“All you have to do is look at the Republicans’ numbers, which are dropping significantly,” he told reporters on Thursday. “And I think there’s going to come a time in the near future when even they’re going to say: ‘Oh, Mitch, I’ve had enough of this. Let’s go ahead with this hearing and have a vote and get this over with.’”
Mr. McConnell, however, has emphasized that nearly every Republican senator agrees that the next president should get to nominate a replacement for Justice Antonin Scalia, who died in February. (Senators Susan Collins of Maine and Mark S. Kirk of Illinois have been the lone holdouts, calling for Judge Garland to get full consideration.)
It is rare for the Senate to reject a Supreme Court nominee — the last time it did so was in 1987, when it voted against Robert H. Bork after an ugly political battle. In 2005, Harriet E. Miers, President George W. Bush’s White House counsel, withdrew amid questions about her fitness for the court and her stance on issues like abortion.
But even Ms. Miers, the 10th and most recent nominee to fail without a confirmation hearing, was expected to receive a hearing, albeit a potentially rough one, given the lackluster reviews of her meetings with senators.
No president in at least the past century has had a Supreme Court nominee go unconfirmed on the grounds that it was an election year, according to Scotusblog, which covers the court.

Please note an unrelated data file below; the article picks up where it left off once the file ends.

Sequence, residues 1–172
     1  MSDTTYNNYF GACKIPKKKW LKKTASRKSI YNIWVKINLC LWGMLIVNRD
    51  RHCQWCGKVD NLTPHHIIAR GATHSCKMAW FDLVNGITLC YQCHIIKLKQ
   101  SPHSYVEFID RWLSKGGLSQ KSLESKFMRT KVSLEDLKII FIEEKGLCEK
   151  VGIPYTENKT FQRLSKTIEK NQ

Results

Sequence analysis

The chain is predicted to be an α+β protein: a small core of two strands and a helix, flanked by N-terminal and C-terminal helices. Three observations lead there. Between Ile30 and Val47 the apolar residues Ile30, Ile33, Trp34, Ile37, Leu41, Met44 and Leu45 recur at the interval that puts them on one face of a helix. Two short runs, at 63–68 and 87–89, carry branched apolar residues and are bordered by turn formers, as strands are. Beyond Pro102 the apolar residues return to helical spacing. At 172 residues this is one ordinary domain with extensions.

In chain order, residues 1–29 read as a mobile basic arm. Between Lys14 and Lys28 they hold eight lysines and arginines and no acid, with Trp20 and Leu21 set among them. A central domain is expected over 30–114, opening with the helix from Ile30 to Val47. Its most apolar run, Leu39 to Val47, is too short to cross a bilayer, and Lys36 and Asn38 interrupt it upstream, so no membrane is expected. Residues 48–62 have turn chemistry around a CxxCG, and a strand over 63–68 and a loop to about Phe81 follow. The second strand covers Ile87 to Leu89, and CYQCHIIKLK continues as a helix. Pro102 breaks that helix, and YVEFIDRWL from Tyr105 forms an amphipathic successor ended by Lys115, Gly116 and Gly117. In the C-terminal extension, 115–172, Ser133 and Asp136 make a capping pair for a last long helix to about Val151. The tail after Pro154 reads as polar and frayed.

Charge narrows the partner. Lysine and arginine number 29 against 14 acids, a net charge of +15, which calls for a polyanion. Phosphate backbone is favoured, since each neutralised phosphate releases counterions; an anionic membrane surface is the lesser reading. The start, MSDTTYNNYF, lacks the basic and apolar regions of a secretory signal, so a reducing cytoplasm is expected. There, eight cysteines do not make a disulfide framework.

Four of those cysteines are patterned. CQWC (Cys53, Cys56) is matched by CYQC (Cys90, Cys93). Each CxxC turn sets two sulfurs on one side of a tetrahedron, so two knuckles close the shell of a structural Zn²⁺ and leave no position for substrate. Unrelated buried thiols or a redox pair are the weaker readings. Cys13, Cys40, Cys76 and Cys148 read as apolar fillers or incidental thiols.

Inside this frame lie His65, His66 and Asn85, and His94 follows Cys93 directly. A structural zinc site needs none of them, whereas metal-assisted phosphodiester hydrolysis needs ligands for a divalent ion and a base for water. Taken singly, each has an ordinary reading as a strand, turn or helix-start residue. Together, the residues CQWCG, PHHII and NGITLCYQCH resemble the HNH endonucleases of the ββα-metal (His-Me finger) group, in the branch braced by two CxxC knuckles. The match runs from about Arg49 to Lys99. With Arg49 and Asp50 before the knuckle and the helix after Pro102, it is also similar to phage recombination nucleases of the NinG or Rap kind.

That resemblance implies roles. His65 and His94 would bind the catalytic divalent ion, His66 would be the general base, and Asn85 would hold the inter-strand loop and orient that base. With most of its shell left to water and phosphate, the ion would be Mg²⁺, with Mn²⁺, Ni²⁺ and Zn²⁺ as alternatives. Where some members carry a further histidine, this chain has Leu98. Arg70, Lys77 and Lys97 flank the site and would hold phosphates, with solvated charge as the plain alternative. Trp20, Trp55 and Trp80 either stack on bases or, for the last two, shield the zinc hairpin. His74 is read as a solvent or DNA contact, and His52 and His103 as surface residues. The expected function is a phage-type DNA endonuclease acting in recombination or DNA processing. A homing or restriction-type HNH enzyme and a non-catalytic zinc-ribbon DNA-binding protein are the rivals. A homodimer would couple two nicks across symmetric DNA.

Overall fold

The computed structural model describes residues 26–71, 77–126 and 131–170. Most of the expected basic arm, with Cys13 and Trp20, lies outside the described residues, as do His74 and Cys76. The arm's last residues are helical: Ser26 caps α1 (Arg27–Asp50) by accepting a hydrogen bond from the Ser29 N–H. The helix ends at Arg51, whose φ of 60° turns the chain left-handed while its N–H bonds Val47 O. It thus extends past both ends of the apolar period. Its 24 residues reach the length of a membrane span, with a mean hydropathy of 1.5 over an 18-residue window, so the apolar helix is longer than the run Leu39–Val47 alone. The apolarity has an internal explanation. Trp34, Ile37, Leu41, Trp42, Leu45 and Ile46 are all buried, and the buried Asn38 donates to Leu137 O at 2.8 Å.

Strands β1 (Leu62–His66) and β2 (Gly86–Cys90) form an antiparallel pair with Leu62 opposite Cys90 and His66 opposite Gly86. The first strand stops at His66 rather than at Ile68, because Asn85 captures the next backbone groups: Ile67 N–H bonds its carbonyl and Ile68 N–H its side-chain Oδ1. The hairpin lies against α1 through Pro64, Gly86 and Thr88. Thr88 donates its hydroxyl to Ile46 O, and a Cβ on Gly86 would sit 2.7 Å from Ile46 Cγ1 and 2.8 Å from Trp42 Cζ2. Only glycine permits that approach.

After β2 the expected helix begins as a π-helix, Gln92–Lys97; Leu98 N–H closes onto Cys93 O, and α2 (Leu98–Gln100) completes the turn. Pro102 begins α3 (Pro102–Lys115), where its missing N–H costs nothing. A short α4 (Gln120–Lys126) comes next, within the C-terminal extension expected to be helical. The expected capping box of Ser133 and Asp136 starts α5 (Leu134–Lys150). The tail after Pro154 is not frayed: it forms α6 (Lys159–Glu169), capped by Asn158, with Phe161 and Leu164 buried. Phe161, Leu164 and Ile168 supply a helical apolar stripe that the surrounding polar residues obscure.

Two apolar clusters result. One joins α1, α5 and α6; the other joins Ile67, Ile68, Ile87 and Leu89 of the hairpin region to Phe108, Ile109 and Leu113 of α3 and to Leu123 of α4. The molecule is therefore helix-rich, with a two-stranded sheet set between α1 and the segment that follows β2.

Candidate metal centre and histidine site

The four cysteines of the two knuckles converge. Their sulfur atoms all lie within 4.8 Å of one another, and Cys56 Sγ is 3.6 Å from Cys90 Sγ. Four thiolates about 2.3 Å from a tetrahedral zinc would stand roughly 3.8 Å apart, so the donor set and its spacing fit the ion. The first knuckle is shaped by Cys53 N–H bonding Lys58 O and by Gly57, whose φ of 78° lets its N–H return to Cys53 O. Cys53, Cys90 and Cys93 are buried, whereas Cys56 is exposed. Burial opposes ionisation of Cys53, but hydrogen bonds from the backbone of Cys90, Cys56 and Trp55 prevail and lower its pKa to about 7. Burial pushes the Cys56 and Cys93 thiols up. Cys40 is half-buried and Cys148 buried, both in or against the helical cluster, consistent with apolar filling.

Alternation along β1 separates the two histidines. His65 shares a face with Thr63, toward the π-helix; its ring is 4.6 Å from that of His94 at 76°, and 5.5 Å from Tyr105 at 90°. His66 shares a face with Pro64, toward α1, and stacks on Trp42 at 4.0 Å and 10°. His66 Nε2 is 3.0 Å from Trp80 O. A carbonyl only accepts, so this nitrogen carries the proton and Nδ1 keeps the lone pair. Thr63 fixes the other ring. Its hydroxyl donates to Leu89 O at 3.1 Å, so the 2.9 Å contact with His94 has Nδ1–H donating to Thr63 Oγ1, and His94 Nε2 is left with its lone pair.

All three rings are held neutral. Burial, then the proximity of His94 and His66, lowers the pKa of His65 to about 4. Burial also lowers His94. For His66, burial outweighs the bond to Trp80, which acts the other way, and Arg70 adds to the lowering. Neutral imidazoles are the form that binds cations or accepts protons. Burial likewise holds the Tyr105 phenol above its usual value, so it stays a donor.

Calling on senator after senator in their offices, Judge Garland has filled the minutes with smiles and small talk.
Senator Mike Rounds, Republican of South Dakota, said he had met with Judge Garland because presidential nominees deserve such a courtesy. But they did not talk about judicial philosophy; Mr. Rounds said he had thanked him “for allowing the president to fulfill his part of the process.”
“From there we went on and talked about hiking in the Black Hills and other opportunities,” Mr. Rounds said.
Senator Richard Blumenthal of Connecticut, a Democrat who said he had known Judge Garland for decades, dating to when Mr. Blumenthal was a United States attorney, said the judge seemed “tentative” when they met. But he brushed away the idea that Judge Garland feels discouraged.
“He knew he was getting into this situation, and he saw it as a service — and it is a service — to our country,” he said. “For him to endure this kind of grinding uncertainty and grilling, I think, is a service.”
The afternoon before the Senate recessed, Senator James M. Inhofe of Oklahoma, one of the seven current Senate Republicans who voted in 1997 to approve Judge Garland’s nomination to the United States Court of Appeals for the District of Columbia Circuit, said he had decided to sit down with him out of respect for his work bringing justice to the victims of the 1995 Oklahoma City bombing.
Reflecting on the six weeks since Mr. Obama had named Judge Garland, Mr. Inhofe dismissed the notion that his nomination process, apparently leading nowhere, was odd.
“Doesn’t seem strange to me,” he said. “I just don’t know why we’re doing it.”
A few hours later, an email reached reporters: Having met with Judge Garland, Mr. Inhofe and Senator James Lankford, another Oklahoma Republican, said they remained opposed to considering his nomination.
The three men had not even emerged from behind the thick wooden doors of Mr. Inhofe’s office.